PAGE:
I don’t think it is necessary to bring reg 8(1)(c) into it, because it doesn’t make sense to ‘treat’ A as being liable for the rent - they just are liable for it because of how joint tenancies work. But Timothy’s analysis in any case brings you to the same result.

Where I am getting a bit stuck is on the facts of your case. It seems to be implied that your client and the ex-partner were originally joint tenants. Are you saying that they then remained living separately in the property after the breakup (which seems to make sense to your reference to Mrs being advised to claim HB)? In which case it is a bit different to the standard “untidy tenancy” situation because both parties are still living in the property. This may go to the question of whether it is reasonable to apportion the whole rent just to your client.

Timothy Seaside
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I can’t (and wouldn’t want to) disagree with Elliot’s analysis or his comments about liability under a joint tenancy. But I read this as meaning they both continued to live there after separation. On that basis, I prefer Reg 8 to Reg 12. Reg 8 is a way of saying the ex’s liability can be treated as the client’s - and doesn’t require any assessment of why they’re not paying, or even where they’re living. But I think it would be hard to argue under Reg 12 that the rent should be apportioned 100% to the client while the ex is still living there and still able to claim HB to cover her share.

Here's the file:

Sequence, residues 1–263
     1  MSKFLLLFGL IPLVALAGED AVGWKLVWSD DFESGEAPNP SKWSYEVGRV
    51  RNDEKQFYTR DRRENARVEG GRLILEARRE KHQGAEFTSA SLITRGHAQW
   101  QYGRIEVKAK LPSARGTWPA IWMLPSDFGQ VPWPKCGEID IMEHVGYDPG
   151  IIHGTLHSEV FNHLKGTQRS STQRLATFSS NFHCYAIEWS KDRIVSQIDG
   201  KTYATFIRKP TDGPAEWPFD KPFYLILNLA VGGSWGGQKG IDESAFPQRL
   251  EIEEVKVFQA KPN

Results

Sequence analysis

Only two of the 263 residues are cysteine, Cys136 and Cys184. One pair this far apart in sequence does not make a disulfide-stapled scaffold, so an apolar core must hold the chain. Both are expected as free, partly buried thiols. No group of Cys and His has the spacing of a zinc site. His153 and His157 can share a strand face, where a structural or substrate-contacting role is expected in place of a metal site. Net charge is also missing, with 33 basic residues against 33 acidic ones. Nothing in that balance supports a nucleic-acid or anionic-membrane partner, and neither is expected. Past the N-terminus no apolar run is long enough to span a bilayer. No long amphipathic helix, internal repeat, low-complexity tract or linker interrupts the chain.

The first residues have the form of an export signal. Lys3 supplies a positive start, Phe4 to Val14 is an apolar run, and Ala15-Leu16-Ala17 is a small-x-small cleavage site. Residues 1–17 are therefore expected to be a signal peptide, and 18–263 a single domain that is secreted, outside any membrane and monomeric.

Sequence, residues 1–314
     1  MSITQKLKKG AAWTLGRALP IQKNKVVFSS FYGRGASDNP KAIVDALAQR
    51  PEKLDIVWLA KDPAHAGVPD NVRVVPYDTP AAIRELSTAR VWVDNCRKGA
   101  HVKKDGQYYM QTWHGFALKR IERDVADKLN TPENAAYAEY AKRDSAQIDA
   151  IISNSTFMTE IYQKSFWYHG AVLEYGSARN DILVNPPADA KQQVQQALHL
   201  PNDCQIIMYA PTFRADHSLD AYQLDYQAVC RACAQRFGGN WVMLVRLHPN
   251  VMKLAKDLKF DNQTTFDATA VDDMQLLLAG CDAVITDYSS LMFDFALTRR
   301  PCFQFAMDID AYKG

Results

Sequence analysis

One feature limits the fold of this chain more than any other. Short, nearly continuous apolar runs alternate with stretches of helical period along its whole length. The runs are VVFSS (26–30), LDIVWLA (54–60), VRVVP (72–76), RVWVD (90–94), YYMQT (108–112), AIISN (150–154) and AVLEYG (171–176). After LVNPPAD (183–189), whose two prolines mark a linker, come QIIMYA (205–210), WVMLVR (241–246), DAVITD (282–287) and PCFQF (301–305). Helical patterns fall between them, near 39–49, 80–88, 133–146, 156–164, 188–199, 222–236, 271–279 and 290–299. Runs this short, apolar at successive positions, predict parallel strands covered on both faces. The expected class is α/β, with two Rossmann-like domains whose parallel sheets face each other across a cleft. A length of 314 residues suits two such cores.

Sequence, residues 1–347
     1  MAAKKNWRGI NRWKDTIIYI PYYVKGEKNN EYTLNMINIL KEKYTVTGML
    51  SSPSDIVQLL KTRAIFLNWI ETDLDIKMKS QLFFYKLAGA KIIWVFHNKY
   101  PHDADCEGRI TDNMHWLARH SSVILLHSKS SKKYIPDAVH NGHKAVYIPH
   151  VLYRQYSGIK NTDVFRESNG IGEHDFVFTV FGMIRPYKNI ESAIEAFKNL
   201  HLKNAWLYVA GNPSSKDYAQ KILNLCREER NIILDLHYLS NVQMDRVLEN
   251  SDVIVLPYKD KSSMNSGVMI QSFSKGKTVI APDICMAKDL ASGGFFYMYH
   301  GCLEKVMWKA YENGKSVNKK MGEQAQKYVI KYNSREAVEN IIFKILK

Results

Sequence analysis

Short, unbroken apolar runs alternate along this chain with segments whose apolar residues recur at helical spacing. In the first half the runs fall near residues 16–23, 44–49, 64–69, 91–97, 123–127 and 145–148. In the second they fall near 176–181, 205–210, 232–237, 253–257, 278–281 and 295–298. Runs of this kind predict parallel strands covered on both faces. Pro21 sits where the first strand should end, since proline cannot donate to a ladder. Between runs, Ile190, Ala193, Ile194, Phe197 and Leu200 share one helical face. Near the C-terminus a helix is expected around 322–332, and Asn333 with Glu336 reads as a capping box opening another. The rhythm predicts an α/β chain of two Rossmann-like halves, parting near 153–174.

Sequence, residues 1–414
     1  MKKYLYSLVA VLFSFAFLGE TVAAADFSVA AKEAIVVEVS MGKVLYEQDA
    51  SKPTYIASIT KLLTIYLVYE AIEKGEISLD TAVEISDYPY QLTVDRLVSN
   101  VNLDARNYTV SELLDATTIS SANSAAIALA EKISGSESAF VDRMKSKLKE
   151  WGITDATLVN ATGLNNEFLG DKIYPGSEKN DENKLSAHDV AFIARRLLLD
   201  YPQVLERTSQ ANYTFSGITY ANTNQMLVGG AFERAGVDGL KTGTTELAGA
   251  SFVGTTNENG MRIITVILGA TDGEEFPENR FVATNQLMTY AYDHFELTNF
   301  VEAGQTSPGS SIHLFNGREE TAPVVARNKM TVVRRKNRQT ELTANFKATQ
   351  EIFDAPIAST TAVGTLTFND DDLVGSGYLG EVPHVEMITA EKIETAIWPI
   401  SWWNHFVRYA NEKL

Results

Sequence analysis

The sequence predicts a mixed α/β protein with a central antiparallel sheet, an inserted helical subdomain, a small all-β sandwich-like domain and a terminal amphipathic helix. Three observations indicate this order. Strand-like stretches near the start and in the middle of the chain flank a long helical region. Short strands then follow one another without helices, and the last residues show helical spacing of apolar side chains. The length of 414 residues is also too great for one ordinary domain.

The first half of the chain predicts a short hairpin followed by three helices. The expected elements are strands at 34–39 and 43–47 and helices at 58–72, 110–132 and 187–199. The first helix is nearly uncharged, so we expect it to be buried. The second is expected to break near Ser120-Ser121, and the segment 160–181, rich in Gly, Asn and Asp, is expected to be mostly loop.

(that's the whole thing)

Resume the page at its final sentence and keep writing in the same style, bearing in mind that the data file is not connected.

Liz M
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Thank you everyone for your replies and especially for pointing out the new expression for untidy tenancies which I hadn’t picked up on.

HB Anorak
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On the apportionment v treat-as-liable point, this was discussed in CH/3376/2002:

“Joint tenants are each severally liable for the whole of the rent. That satisfies both section 130(1)(a) and regulation 6(1)(a). As far as the claimant is concerned, it is unnecessary to interpret regulation 6(1)(c)(ii) to produce that effect.”

[references to HB Regs 1987 - would now be Reg 8 of course]

[ Edited: 5 Jan 2022 at 02:59 pm by HB Anorak ]
Timothy Seaside
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Thank you for that, Peter. I’ve just had a chance to read that decision and it’s cleared the question up entirely for me!
So I think the answer for Liz’s client is likely to be that he won’t be able to get a 100% apportionment - given that the joint tenant continued to live there and could have claimed HB herself. But it’s always worth asking - especially where there are questions of disability to consider.

An alternative approach would be for your client to apply for a DHP. Strictly speaking it probably shouldn’t apply because he has already received his full eligible rent in HB. However, the LA may be willing to fudge it slightly and consider it as a one off homelessness prevention DHP rather than a sum relating to ongoing periodic payments.